This video was shot during a storm in the Pacific — gyroscopes inside the table keep the playing surface level so a game can continue even as the ship rolls.

In a Word

ullage
n. the amount a container lacks of being full

Given a 5-gallon jug, a 3-gallon jug, and a limitless supply of water, how can you measure out exactly 4 gallons?

Tribute

This is charming — in his 1962 textbook Experimentation and Measurement, statistician William J. Youden ends his chapter on “Typical Collections of Measurements” with this:

Your author has a small printing press for a hobby. He set in type his opinion of the importance of the normal law of error.

Recycling Poetry

In 1987, Portuguese poet Alberto Pimenta took the sonnet Transforma-se o amador na cousa amada (The lover becomes the thing he loves), by the 16th-century poet Luís de Camões, and rearranged the letters of each line to produce a new sonnet, Ousa a forma cantor! Mas se da namorada (Dare the form, songster! But if the girlfriend).

Here’s Camões’ (curiously apposite) original poem, translated by Richard Zenith:

The lover becomes the thing he loves
by virtue of much imagining;
since what I long for is already in me,
the act of longing should be enough.
If my soul becomes the beloved,
what more can my body long for?
Only in itself will it find peace,
since my body and soul are linked.
But this pure, fair demigoddess,
who with my soul is in accord
like an accident with its subject,
exists in my mind as a mere idea;
the pure and living love I’m made of
seeks, like simple matter, form.

Carlota Simões and Nuno Coelho of the University of Coimbra calculated that the letters in Camões’ sonnet can be rearranged within their lines in 5.3 × 10312 possible ways.

Interestingly, after Pimenta’s anagramming there were two letters left over, L and C, which are the initials of the original poet, Luís de Camões. “It seems that, in some mysterious and magical way, Luís de Camões came to reclaim the authorship of the second poem as well.”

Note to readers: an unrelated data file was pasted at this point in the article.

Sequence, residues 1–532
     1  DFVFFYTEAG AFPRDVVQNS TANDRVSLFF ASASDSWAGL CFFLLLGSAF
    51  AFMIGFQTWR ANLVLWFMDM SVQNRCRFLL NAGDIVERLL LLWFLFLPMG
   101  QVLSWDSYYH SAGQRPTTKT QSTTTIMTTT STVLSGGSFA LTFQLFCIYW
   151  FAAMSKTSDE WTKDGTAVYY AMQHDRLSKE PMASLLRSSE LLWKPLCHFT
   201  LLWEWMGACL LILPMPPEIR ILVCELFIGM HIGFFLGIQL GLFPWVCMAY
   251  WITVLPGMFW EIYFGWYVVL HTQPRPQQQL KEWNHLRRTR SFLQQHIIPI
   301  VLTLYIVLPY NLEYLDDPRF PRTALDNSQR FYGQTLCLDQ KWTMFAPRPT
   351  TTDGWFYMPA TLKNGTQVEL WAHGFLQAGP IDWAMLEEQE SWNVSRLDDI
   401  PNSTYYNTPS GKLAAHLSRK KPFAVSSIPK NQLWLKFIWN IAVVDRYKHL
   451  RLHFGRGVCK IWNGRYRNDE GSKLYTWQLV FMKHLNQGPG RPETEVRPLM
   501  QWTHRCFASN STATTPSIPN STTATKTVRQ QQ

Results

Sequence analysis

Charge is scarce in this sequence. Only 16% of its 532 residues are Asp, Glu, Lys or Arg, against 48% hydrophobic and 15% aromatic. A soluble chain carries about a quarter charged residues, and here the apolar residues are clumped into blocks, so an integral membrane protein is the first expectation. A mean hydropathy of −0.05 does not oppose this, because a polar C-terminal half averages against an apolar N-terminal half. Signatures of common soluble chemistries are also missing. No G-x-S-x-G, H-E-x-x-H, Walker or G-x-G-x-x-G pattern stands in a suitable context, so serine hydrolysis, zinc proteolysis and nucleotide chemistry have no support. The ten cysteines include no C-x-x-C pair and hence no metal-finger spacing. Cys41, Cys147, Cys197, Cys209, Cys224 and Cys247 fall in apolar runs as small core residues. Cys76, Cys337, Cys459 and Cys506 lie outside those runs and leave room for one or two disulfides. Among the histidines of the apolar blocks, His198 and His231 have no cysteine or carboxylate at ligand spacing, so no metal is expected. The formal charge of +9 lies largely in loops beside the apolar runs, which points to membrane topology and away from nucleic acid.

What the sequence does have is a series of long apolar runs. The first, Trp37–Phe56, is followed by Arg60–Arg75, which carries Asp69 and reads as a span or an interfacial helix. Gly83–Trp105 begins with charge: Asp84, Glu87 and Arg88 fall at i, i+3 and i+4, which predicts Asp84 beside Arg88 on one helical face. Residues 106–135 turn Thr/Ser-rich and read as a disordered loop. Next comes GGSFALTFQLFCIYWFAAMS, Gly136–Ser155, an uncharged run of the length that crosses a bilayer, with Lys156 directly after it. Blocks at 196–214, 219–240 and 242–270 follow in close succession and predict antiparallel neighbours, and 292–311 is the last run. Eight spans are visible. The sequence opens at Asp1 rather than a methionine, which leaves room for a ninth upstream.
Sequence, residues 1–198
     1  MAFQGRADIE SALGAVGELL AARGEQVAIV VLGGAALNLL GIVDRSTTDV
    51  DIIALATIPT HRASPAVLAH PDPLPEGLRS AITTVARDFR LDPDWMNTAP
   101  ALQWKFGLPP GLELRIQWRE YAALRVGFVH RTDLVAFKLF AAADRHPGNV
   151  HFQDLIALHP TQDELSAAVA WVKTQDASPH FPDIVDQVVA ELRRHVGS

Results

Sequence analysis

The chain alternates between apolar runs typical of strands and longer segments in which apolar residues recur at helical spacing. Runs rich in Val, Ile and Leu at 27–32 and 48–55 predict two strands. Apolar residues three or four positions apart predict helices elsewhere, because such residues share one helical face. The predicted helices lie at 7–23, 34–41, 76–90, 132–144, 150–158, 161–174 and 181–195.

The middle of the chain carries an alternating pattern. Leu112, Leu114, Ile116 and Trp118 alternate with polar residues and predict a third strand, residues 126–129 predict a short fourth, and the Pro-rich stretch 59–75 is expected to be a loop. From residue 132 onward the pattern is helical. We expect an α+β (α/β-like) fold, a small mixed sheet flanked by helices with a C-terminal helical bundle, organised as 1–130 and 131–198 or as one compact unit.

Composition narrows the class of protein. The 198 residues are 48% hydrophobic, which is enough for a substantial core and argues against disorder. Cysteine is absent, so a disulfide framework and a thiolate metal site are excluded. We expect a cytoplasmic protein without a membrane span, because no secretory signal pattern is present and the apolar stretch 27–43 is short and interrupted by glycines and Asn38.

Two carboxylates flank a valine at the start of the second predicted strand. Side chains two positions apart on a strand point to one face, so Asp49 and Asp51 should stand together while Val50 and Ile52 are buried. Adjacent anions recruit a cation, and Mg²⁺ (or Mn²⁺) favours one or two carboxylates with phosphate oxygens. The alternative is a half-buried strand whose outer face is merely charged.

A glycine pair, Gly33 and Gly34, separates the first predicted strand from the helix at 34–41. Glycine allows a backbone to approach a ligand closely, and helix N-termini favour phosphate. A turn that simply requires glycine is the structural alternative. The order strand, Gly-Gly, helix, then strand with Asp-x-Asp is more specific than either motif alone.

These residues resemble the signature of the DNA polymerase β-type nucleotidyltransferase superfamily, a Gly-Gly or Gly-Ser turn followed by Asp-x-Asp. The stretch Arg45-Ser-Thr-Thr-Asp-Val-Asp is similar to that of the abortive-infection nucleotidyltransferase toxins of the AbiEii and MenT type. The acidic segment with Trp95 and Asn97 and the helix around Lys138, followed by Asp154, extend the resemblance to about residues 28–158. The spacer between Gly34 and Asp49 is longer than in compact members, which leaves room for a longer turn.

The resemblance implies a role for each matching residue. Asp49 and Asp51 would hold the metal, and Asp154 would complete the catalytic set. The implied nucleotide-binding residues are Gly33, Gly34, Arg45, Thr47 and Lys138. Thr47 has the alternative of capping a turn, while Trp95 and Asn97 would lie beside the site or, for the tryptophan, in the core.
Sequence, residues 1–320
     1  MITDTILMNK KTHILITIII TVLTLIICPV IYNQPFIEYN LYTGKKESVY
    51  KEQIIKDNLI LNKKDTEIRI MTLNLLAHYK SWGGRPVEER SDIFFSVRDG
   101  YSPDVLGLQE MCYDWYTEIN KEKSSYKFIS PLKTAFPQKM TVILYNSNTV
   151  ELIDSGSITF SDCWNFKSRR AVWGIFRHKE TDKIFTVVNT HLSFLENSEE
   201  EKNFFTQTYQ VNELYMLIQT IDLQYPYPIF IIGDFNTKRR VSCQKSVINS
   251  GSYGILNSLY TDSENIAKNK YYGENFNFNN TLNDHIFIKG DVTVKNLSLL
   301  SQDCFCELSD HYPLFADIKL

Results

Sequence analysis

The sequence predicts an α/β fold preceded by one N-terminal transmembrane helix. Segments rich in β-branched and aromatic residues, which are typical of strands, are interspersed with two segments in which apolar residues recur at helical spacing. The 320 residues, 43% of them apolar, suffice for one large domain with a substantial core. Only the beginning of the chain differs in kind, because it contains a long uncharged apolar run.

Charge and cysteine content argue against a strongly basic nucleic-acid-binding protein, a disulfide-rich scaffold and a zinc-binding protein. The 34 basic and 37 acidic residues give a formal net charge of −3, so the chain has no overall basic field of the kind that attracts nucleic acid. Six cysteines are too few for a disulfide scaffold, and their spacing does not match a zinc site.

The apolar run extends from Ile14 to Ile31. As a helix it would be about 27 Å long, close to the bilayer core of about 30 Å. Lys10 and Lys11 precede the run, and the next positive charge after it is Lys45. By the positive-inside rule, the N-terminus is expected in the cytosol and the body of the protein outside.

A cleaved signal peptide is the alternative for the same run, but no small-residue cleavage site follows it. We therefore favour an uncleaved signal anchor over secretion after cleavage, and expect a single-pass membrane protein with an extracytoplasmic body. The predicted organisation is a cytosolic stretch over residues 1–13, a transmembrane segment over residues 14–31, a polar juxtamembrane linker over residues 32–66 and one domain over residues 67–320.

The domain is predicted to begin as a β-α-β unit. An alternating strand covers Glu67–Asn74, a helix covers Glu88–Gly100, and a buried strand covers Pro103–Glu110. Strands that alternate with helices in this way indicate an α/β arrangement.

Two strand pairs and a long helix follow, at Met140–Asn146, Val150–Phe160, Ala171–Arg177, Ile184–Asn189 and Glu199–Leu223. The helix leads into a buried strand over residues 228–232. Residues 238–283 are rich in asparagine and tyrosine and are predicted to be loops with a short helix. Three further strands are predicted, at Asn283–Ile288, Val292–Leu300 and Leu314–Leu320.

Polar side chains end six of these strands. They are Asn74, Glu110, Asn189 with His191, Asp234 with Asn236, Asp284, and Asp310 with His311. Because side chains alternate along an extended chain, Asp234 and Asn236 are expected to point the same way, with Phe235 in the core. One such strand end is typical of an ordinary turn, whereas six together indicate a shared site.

In 2014, when designer Nuno Coelho challenged his multimedia students to render the transformation, Joana Rodrigues offered this:

Related: In 2005 mathematician Mike Keith devised a scheme to generate 268,435,456 Shakespearean sonnets, each a line-by-line anagram of the others. And see Choice and Fiction.

(Carlota Simões and Nuno Coelho, “Camões, Pimenta and the Improbable Sonnet,” Recreational Mathematics Magazine 1:2 [September 2014], 11-19.)

Now You See Them

An optical illusion. The black dots disappear unless you focus on them.

Tech Talk

In 1944 British graduate student John Hellins Quick published a description of the “turbo-encabulator,” a marvelously sophisticated device whose workings are understandable only by engineers:

The original machine had a base-plate of prefabulated aluminite, surmounted by a malleable logarithmic casing in such a way that the two main spurving bearings were in a direct line with the pentametric fan. The latter consisted simply of six hydrocoptic marzelvanes, so fitted to the ambifacient lunar waneshaft that side fumbling was effectively prevented. The main winding was of the normal lotus-o-delta type placed in panendermic semi-bovoid slots in the stator, every seventh conductor being connected by a nonreversible tremie pipe to the differential girdle spring on the ‘up’ end of the grammeters.

General Electric, Chrysler, and Rockwell Automation have all sung the device’s praises, even if no one can quite explain what it does. Actor Bud Haggart shot the video above in 1977 after completing an industrial training film for General Motors.

The rest of us will just have to take its wonders on faith. When Time magazine published the description in 1946, one reader wrote, “My husband says it sounds like a new motor; I say it sounds like a dictionary that has been struck by lightning.”